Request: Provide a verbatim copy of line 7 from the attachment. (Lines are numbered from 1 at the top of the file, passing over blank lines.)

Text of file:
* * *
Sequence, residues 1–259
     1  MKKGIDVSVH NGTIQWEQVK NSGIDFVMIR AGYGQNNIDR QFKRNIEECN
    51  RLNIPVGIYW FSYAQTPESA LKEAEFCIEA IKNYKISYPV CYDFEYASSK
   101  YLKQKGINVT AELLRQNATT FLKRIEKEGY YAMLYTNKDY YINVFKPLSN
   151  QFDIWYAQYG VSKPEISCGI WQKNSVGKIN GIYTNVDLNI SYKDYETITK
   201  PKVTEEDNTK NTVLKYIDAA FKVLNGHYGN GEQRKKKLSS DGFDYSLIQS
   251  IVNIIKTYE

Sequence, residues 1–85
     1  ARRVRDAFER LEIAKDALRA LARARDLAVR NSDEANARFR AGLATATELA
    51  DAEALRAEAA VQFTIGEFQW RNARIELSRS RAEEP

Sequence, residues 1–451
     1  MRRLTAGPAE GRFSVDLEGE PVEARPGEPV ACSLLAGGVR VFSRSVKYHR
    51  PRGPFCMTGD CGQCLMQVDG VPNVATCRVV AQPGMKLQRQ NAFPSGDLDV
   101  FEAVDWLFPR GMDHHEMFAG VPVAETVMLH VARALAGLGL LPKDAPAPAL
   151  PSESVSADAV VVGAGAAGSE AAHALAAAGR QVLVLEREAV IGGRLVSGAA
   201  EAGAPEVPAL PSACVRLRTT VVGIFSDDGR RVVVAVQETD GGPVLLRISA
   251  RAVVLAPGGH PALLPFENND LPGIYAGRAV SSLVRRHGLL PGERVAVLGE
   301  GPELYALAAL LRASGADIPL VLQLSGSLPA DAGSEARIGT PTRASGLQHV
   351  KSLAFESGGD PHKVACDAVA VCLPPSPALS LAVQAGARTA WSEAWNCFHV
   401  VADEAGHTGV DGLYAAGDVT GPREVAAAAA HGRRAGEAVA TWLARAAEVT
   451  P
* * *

   251  IVNIIKTYE